Themed Gardens: Children's, Enabling, Native & Vegetable

This crop caught my eye.  

Can you tell what these are?  

Potatoes!  

To be completely honest, I’ve grown them a few times, but it is a lot of work for only a few potatoes in my desert garden so I don’t plant them anymore.

Themed Gardens: Children's, Enabling, Native & Vegetable

A healthy crop of sugar snap peas were in full flower.

Themed Gardens: Children's, Enabling, Native & Vegetable

I particularly love the color and shape of their flowers, don’t you?  

This is one crop that I do plant each year.

Themed Gardens: Children's, Enabling, Native & Vegetable

An old wheelbarrow planted with radishes caught me eye as did the watering can with its strawberries.  

My brother-in-law found an old, rusty wheelbarrow for my garden and I can’t wait to plant it!  

It was obvious that Mr. McGregor took very good care of his garden and it was well fenced in.

Themed Gardens: Children's, Enabling, Native & Vegetable

But, that didn’t keep a particular rabbit from getting in 🙂  

Thank you for joining me on a tour of this special garden.  If you ever find yourself driving north of Seattle, toward Vancouver, take an hour and visit – you won’t be disappointed!  

****************************  

On another note, we just returned from a weekend trip to Southern California where we visited my daughter, Rachele, who is stationed there in the Navy.  

While we always have fun visiting her, it is even more so now because we also get to spend time with our new grandson!

Themed Gardens: Children's, Enabling, Native & Vegetable

He is absolutely darling and smiles more than any baby I’ve ever seen.  He is one happy baby!

Themed Gardens: Children's, Enabling, Native & Vegetable

When we visit, we are able to stay on the Navy base with our daughter in her townhouse, which makes visiting her easier and less expensive than having to stay in a hotel.  

As often occurs whenever we visit, we usually find ourselves driving the short distance to Santa Barbara. This California city is not only a beautiful place to visit, but it also holds a special place in my heart since it is where I met my husband in college.  

We are back home now but look forward to seeing Rachele and her son, Eric, next month when they come out to visit us 🙂

Have you ever thought of fruits, herbs or even vegetables as ornamental plants?  

Edible Plants That Do Double Duty as Ornamentals

Often the characteristics that make edible plants appeal to our appetite, can also add beauty to the garden making edible plants a great choice for the garden as they can do double duty as ornamentals.

I am always struck by how edible plants are increasingly used to create beautiful garden spaces.

I’ve recently shared several of my favorite examples from my own garden as well as in during garden travels for Houzz.

I hope you are inspired to look at edible plants in a new light.

Edible Plants That Double as Ornamentals

Do you like to try new things?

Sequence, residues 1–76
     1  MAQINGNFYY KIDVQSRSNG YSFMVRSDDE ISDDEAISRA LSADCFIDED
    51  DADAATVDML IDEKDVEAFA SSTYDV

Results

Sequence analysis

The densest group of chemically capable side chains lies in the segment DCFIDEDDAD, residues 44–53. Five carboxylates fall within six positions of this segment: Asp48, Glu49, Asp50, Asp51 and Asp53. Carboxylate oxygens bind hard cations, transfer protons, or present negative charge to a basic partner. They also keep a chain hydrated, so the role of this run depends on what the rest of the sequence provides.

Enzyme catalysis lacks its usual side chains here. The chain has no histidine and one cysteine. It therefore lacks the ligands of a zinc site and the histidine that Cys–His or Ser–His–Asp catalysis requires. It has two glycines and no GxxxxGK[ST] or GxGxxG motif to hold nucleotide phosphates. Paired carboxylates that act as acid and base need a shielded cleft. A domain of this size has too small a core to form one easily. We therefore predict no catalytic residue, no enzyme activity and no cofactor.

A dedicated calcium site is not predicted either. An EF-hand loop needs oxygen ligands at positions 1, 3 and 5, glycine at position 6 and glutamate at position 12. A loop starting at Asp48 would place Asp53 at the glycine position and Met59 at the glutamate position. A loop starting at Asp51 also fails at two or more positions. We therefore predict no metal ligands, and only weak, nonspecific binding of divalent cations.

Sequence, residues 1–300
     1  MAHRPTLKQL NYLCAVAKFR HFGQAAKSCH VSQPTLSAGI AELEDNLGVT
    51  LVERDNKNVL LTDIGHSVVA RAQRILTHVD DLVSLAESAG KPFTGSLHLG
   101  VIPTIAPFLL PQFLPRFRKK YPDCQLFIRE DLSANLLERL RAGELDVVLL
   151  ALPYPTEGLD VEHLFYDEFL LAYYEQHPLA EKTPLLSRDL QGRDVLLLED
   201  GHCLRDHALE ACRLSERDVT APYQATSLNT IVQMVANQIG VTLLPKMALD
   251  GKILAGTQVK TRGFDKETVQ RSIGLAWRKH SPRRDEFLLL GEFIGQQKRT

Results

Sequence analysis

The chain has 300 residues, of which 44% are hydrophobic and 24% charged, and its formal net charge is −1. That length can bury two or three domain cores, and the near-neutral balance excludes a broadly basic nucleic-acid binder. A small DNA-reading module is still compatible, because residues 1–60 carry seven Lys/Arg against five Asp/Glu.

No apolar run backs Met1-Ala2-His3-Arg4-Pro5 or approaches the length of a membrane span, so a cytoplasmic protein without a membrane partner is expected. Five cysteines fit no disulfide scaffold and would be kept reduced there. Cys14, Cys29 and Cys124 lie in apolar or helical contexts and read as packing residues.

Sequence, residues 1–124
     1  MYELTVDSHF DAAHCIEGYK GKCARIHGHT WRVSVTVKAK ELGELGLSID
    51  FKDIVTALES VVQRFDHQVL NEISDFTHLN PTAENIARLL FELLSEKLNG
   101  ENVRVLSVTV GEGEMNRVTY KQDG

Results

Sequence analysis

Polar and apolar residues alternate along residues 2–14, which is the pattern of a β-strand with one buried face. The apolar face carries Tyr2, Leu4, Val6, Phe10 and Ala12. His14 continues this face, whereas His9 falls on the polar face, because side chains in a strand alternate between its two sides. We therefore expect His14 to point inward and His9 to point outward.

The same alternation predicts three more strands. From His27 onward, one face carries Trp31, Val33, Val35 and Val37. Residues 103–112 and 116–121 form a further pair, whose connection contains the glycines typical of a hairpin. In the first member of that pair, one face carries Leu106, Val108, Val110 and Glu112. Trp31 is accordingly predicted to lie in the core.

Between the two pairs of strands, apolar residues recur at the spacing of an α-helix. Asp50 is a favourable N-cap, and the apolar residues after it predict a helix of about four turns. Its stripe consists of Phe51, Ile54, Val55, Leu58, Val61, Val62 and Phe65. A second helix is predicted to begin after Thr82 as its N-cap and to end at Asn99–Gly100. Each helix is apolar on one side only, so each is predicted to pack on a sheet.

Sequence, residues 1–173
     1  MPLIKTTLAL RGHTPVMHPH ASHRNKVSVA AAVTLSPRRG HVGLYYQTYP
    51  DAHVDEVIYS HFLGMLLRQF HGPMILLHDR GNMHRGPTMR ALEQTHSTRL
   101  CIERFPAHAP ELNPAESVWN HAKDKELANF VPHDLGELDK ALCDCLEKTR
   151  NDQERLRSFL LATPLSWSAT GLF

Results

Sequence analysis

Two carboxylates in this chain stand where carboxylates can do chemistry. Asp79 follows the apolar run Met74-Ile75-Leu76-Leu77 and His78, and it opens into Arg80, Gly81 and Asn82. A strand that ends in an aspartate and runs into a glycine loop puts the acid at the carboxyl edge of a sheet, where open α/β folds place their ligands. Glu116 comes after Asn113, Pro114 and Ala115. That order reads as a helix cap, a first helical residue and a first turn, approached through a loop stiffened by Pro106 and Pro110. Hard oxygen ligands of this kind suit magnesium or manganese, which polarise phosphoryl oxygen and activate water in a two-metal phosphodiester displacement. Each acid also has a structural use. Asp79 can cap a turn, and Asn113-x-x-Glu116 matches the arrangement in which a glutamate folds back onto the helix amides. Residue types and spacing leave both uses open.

I do – especially in the garden. I’m always on the lookout for new vegetables to try out, including some heirloom varieties, which aren’t technically new.

container corn

One year, I tried growing ‘container corn’.  You can read here how it did.

This year, I tried growing ‘White Icicle’ radishes, which are a cross between radishes and turnips. My mother had given me the seeds and I’ve always had a very easy time growing regular radishes, so I thought I’d try these.

They grew easily and the leaves reached over 2 1/2 ft. long!

Trying New Things In My Winter Garden

It was exciting to pull them out and I couldn’t wait to try them.

Radishes & Swiss Chard

 While they were very easy to grow, I must confess that I didn’t like them.

I really wanted to and their flavor was a lot like a turnip, but they burned my mouth – much more than the radishes do.

Swiss chard

My grand experiment last year was growing Swiss chard and afterward, I wish that I had been growing it all along. It’s not only easy to grow, it also tastes great in salads!

vegetable gardens

I grow it both in my vegetable gardens and in pots.

So, while I wish that I liked ‘White Icicle’ I don’t. But, it wasn’t a waste of time growing them. You see, gardening is a grand experiment and it’s always fun to try growing new things and while there are going be some failures – there are also great successes (like my Swiss chard) when you discover what grows well that you like.

*This week, I’m sharing what I’ve harvested from my winter vegetable garden and sharing lessons learned. Yesterday, it was broccoli and how to freeze it.

Do you grow vegetables in the winter? Here in the low desert regions of the desert Southwest, we can grow vegetables all year. 


My winter vegetable garden is filled with a variety of cool-season vegetables and I have rarely had any problems growing any of them except for broccoli.


For some reason, in past years my broccoli has been rather lackluster. Oh, the plant grows, but the broccoli heads are always small with no real central head forming.

winter vegetable garden

winter vegetable garden